It’s been four months now since The Good Place left us dangling on a cliffhanger — but finally, showrunner Michael Schur has thrown us a lifeline.
In a new interview with Alan Sepinwall for Rolling Stone, Schur answers the burning question that fans of NBC’s afterlife comedy have been pondering since February’s Season 2 finale: Did Michael actually send Eleanor and her Good Place companions back to Earth, or was that just another simulation? “The four of them are straight-up back on Earth, in a new timeline where they didn’t die,” Schur reveals, adding that “a lot of the progress they have made as people has been sort of theoretical… it seemed like a natural move to send them back to a time before they made that progress, and to use the idea of nearly dying to test their ability to improve.”
Schur and the writers were “worried,” he admits, about having to drop the supernatural aspects in Season 3, since the characters are back on Earth, but he “one of the things we set as a goal for ourselves in the first two seasons was to have at least one weird magical thing in every episode that could only happen in the afterlife. I think we’ve found some good ways to sustain that idea even when they’re on Earth.” (As long as Janet’s still around, we’re happy.)
Schur dropped a bunch of other juicy Good Place tidbits as well:
* When Eleanor found a video of Chidi lecturing back on Earth in the finale, why was he speaking in non-accented English? (The show had established that Chidi spoke French on Earth.) Schur says that during the finale’s table read, William Jackson Harper spoke “in a sort of pan-African accented English, and it was wonderful, and flawless. Like in a ‘Meryl Streep doing a dialect’ kind of way.” But Schur worried that it’d be confusing, since we’ve already seen Chidi speak English in flashbacks, and he also worried that the accent would throw off Harper and Kristen Bell’s comedic chemistry, so they “decided to just have [Harper] speak in his normal voice.”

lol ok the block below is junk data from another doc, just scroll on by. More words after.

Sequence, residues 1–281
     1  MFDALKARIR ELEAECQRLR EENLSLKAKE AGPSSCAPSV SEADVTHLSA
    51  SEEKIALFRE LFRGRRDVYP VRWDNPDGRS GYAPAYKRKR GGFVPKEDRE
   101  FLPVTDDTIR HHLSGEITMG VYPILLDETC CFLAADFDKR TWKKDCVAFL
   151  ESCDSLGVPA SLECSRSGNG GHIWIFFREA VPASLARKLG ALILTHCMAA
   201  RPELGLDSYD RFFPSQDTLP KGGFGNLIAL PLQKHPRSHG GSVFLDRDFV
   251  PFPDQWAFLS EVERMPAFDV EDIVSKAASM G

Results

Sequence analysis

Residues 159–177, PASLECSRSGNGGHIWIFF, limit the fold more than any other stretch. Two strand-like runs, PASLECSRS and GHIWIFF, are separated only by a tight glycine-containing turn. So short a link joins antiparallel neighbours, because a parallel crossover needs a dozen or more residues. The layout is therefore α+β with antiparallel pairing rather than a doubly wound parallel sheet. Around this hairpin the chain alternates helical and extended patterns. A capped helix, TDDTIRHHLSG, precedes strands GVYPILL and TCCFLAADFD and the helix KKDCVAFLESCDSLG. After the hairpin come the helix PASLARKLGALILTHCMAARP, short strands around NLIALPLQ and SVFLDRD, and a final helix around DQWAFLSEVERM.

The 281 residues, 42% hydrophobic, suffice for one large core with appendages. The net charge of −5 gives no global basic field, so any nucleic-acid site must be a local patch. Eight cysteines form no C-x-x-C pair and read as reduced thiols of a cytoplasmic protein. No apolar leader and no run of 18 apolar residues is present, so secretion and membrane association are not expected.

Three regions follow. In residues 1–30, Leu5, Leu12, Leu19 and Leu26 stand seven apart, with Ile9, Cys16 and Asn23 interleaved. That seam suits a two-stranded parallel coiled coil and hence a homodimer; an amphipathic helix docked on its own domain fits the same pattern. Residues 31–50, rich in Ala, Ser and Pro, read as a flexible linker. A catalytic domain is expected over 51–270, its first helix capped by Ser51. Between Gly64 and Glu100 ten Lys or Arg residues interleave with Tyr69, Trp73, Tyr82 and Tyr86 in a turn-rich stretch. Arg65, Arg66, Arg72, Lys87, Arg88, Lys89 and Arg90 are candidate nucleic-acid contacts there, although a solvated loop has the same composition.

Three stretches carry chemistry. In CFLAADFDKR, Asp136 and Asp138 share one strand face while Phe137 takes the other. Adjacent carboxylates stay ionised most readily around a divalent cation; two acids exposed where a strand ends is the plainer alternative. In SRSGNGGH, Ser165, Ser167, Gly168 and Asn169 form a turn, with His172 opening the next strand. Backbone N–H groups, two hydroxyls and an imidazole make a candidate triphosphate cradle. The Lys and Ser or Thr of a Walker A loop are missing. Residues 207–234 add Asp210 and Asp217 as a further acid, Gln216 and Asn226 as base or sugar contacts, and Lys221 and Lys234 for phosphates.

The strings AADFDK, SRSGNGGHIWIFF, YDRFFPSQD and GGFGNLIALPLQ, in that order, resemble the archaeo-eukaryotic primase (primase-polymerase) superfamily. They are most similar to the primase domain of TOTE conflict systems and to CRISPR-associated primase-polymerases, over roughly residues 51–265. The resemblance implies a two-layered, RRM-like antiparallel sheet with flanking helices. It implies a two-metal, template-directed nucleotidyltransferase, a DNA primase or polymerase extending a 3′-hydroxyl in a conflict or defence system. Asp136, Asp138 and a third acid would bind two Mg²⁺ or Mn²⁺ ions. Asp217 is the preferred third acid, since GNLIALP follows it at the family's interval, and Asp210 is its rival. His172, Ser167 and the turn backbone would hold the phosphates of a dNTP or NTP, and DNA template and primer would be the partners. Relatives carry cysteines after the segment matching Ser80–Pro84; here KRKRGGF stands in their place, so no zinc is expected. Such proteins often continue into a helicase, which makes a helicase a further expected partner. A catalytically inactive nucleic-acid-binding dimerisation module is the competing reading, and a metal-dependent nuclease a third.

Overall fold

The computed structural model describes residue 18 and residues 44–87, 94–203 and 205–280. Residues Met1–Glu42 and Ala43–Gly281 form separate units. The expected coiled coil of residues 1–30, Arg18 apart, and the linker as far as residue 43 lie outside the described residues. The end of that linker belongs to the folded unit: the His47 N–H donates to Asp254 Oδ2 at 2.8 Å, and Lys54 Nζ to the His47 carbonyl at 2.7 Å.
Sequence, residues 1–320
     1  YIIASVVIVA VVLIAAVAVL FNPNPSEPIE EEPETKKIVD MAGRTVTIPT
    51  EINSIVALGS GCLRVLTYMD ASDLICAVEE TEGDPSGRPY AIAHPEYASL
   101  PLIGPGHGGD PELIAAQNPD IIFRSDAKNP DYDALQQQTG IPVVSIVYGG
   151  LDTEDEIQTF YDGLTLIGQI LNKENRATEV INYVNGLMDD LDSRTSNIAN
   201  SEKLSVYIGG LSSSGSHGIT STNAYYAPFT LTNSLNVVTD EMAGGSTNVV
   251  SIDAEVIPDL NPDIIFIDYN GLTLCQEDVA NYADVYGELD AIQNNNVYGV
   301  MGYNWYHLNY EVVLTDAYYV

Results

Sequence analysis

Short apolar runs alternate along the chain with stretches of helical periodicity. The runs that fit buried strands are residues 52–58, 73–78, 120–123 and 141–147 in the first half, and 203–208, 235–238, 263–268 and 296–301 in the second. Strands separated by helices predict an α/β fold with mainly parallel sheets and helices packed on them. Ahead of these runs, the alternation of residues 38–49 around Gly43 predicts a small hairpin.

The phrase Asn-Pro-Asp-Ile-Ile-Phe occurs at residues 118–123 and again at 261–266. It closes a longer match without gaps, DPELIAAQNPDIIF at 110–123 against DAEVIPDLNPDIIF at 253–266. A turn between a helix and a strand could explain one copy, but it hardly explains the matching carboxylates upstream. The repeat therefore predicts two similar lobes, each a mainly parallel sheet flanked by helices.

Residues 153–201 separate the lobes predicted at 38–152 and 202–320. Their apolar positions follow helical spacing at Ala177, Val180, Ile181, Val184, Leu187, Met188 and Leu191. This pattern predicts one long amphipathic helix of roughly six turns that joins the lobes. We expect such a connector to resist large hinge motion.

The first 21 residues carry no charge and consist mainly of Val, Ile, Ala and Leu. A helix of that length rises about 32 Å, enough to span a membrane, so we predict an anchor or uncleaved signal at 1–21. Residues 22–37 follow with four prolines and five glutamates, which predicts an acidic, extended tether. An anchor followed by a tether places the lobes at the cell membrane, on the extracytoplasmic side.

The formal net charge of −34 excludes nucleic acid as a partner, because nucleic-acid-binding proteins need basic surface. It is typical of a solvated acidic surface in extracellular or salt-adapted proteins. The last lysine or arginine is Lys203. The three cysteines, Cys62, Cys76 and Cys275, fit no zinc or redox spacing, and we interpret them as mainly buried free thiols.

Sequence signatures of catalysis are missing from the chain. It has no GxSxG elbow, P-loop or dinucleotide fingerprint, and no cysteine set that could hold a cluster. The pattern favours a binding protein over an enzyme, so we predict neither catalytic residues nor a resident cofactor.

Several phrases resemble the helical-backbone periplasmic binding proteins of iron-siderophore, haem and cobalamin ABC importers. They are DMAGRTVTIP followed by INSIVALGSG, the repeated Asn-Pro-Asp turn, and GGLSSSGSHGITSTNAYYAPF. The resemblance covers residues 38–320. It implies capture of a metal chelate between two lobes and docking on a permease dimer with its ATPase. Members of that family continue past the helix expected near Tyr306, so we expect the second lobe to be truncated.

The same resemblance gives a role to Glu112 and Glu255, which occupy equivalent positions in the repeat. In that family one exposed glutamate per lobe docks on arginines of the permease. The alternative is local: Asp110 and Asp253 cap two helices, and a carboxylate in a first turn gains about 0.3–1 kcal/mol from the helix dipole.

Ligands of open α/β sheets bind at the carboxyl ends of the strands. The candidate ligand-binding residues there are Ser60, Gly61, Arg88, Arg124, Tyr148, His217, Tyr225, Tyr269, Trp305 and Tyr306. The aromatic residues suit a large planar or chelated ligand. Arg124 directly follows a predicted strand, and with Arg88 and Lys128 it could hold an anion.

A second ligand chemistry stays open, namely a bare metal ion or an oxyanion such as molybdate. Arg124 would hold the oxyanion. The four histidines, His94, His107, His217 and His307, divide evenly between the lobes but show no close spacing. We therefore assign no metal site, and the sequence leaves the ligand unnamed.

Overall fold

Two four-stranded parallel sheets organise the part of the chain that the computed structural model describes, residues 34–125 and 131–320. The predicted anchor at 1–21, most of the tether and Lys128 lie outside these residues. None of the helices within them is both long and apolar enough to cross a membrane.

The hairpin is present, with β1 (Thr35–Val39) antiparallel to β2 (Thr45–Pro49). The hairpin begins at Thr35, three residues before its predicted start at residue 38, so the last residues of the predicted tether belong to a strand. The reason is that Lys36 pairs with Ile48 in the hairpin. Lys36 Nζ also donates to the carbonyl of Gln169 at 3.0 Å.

* The Season 2 finale put Ted Danson back in Cheers mode, as Michael appeared to Eleanor as a bartender. “We needed a situation where she would show up and be happy to spill her guts to a stranger,” Schur says, so “a bar (and bartender) was really the obvious choice. I cleared it with Ted first — told him the idea and asked if he’d be OK with it. He, of course, was.”
* Jason’s undying love of the Jacksonville Jaguars is well-established… but what if the Jaguars actually did win the Super Bowl? (The Jaguars’ futility is a running joke on the show, but the real-life NFL team came within one game of reaching the Super Bowl last season.) “We developed a plan for them winning,” Schur says, “and a modified version of that plan will actually appear in [Season 3’s] Episode 3 (as of right now), so I don’t want to give too much away. But we had a plan, and were kind of sad we didn’t get to employ it.”
* The Jason-Janet-Tahani love triangle sprung out of their natural character dynamics, Schur explains. For Tahani, she “spent her life caring what other people thought of her, and linking herself to Jason represents a sort of rebellion against that.” And for Janet, when she was rebooting and not at her intellectual peak, Jason “would show Janet a sort of kindness that she was not used to, and it would sort of rewrite part of her internal DNA/code/whatever it is. That mutation within this particular Janet would then become permanent, no matter how many times she was rebooted. It’s all a big, fun, weird mess.”
* How important is the Eleanor-Chidi relationship to the show’s overall arc? Schur doesn’t want to reveal too much, but will say that “the most important thing is the question of how people can be good, and how they can be good to each other, and their relationship helps to answer some of those questions. Or I could be Janet-y about it, and say, ‘It is 27.41% important.'”
What do you think Season 3 has in store for Eleanor and company? Drop your predictions in the comments.